News travels quickly on Everest. Teams on both sides are sadden by the avalanche incident and have a heightened awareness of the dangers of high-altitude mountaineering. However, case they push on knowing that danger comes with the sport.
Mike Hamill leading one of the IMG teams on the south side tells us:
Everything is going very well here on Everest. The rope fixing team has put in the route well above C3 and they hope to reach the South Col (C4) within the next few days. The weather this season overall has been excellent, and it looks to remain that way in the near future. All the expeditions have been working well together to keep the mountain safe and to work on the route.
After several days of rest after the first set of rotations as high as camp 2, many teams are now climbing back through the Icefall with the intent of sleeping at camp 3 – more on this over the next few days. The fixed line is now in fact already to the South Col according to AAI:
The Sherpa rope fixing team reached the South Col (Camp 4) so hopefully they will be able to fix the route to the summit in the next few weeks. The weather is set to improve so we are excited to head up the mountain, and we look forward to checking in again soon!
The No Guts Know Glory team has a nice video on their site today discussing a two-part series by National Geographic on the Sherpa Culture and climbing. It is a nice quick look at base camp and excellent publicity for their effort around IBD or inflammatory bowel diseases.
With accidents on a lot of minds, this post from Leif Whittaker paints a vivid picture with his words in the Blog of the Day. He is describing a minor injury to his knee:
The injury did not happen because we were going too fast, or because I was feeling fatigued. No. I was feeling very strong and very focused on our descent. It happened because injuries and illnesses happen here, because this is Mount Everest, because it is high and it is dangerous. The only thing that is invincible on this mountain is the mountain itself. The attribute a climber can have is the ability to weather the inevitable setbacks, to overcome illness and injury, to keep putting one foot in front of the other no matter how hard it gets. For certain, that’s an attribute I know I have.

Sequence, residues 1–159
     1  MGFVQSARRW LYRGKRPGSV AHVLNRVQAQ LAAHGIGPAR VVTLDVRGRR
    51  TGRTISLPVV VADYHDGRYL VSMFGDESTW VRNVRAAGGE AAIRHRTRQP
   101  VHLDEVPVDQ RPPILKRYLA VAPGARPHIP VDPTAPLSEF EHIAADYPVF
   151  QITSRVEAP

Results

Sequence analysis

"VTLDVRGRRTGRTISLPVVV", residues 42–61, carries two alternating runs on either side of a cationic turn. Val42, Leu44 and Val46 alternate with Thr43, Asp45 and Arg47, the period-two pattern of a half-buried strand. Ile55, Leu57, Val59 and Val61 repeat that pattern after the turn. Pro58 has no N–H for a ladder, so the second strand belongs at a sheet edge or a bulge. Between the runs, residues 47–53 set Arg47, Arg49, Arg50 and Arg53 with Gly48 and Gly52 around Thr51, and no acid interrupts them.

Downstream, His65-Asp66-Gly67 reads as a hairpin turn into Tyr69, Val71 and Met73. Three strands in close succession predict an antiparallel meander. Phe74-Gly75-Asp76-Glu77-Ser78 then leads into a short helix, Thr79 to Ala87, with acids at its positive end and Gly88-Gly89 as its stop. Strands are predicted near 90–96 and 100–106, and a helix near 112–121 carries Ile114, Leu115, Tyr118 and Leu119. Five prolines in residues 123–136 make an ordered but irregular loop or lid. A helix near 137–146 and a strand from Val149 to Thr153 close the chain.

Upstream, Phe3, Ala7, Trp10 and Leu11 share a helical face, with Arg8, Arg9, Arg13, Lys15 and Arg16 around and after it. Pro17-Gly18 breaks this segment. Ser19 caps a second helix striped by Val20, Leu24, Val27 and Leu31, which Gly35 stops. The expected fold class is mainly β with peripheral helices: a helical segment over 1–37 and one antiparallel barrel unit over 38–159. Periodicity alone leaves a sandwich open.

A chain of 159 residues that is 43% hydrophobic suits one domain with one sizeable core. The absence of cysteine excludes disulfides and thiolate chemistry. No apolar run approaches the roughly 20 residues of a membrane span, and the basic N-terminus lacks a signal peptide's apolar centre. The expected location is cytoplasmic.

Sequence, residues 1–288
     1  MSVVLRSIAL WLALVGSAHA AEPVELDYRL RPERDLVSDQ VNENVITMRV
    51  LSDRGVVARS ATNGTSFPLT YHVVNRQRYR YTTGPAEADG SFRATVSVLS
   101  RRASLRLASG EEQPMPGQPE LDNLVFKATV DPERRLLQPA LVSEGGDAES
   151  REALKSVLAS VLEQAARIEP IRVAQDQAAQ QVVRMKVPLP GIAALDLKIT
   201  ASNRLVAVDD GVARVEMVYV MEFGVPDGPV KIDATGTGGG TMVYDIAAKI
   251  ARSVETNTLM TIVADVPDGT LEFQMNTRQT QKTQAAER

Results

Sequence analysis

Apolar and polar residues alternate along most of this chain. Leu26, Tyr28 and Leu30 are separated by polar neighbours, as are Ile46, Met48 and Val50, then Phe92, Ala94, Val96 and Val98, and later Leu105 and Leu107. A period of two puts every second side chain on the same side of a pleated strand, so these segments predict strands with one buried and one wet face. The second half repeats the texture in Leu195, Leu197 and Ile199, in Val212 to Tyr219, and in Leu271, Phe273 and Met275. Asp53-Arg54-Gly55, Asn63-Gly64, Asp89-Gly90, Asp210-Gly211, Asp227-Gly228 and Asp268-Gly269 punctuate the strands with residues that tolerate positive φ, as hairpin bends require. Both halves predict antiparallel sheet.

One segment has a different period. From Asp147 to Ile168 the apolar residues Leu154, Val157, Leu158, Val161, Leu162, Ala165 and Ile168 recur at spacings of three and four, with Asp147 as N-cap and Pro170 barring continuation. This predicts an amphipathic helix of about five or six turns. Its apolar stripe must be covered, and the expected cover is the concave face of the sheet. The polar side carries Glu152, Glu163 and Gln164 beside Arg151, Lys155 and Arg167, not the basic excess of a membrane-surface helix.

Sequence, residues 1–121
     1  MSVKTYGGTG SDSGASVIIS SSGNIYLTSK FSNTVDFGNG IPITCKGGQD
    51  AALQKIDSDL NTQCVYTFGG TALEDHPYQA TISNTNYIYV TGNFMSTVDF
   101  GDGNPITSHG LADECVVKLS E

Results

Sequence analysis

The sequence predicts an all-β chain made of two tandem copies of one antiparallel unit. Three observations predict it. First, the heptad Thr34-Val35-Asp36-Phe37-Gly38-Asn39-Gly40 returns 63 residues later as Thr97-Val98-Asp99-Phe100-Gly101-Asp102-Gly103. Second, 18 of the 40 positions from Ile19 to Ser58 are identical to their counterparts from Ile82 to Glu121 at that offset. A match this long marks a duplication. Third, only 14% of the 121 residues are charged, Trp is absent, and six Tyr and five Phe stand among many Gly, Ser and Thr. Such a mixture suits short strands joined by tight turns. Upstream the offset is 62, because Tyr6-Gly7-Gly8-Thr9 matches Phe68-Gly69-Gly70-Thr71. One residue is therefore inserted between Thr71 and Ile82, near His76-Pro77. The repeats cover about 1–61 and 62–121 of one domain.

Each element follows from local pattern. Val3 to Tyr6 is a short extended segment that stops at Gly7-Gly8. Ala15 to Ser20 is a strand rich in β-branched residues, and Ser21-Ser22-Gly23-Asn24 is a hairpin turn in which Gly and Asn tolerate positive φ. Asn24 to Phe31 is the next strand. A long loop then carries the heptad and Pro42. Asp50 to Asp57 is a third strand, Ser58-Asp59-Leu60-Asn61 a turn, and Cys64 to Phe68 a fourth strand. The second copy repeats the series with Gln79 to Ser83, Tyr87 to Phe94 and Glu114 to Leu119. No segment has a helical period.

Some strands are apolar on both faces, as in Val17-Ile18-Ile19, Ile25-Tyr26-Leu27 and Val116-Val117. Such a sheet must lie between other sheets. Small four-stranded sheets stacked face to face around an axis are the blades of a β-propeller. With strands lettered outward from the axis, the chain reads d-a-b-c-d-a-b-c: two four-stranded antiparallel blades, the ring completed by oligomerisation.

I thought it would be good to see where the climbers we interviewed prior to the season start where and how they are doing. Click on their link on the right hand sidebar to read more details and in the tags to read their interview.. Here goes:
TA Loeffler: Health issues and down at Pheriche for R&R. Will return. (Peak Freaks)
Cindy Abbott: At camp 2, her first trip through the Icefall (Mountain Trip)
Lei Wang: Heading down to Periche after an acclimatization climb on Lobuche to recover from a severe cough (IMG)
Anne-Mari Hyryläinen: At BC after successful tag of C3 (Altitude Junkies)
Brad Jackson & Sandy Hoby: Climb to C2 complete. At BC ready to go for C3 (Australian Everest)
For teams on the north is has been a difficult few days with the avalanche on the North Col. The missing climber is László Várkonyii a well known Hungarian climber. I contacted Ang Tshering Sherpa who is the Founder and Chairman of Asian Trekking who provided them with logistical support. He sent me this immediate reply for which we deeply thank him:
It is very sad to inform you that while David Klien and Laszlo Varkonyi returning from North Col to ABC, they were hit by an avalanches and Laszlo was buried in avalanche and David was rescued by other climbers. The rescue teams were sent to find Laszlo but they could not find him until now. We are coordinating search and rescue mission but no trace of Laszlo. The search and rescue efforts are still going on. David is slightly injured and recovering at ABC. They are not with Eco Everest Team but seperate team of their own (Hungarian Everest Exp.2010) We hope and pray for safe recovery of Laszlo.
Laszlo was attempting Everest without supplemental oxygen along with his partner David Klein. According to their expedition website the 53 year-old climber had summits of Cho Oyu and Shishapanga plus the Hungarian record on Everest without supplemental oxygen of 8770m.
Bill Burke has provided his view on entire incident via his audio blog. Bill is also using Asian trekking for his logistics. From Bill’s report, David and Laszlo were resting when a cornice broke loose sweeping Laszlo into a crevasse and covering him with debris.
Once again, my deepest condolences to all involved.
Finally on a much lighter note, Alison Levine continues to entertain her readers with her blog. Here is an excerpt and It is the second Blog of the Day.
The rest of us all complain that we have these things called “jobs” that interfered with our training, but everyone did their to get to the fitness/skill level they needed to reach in order to give this bad boy of a mountain a real shot. My teammates asked how I was able to train given I travel so much for work, so I explained that in order to prepare for the climb I watched the movie Vertical Limit. Everyone looked slightly concerned (make that mortified) when they heard my response so I assured them that I watched it multiple times…but for some reason the looks of anxiety remained on their faces.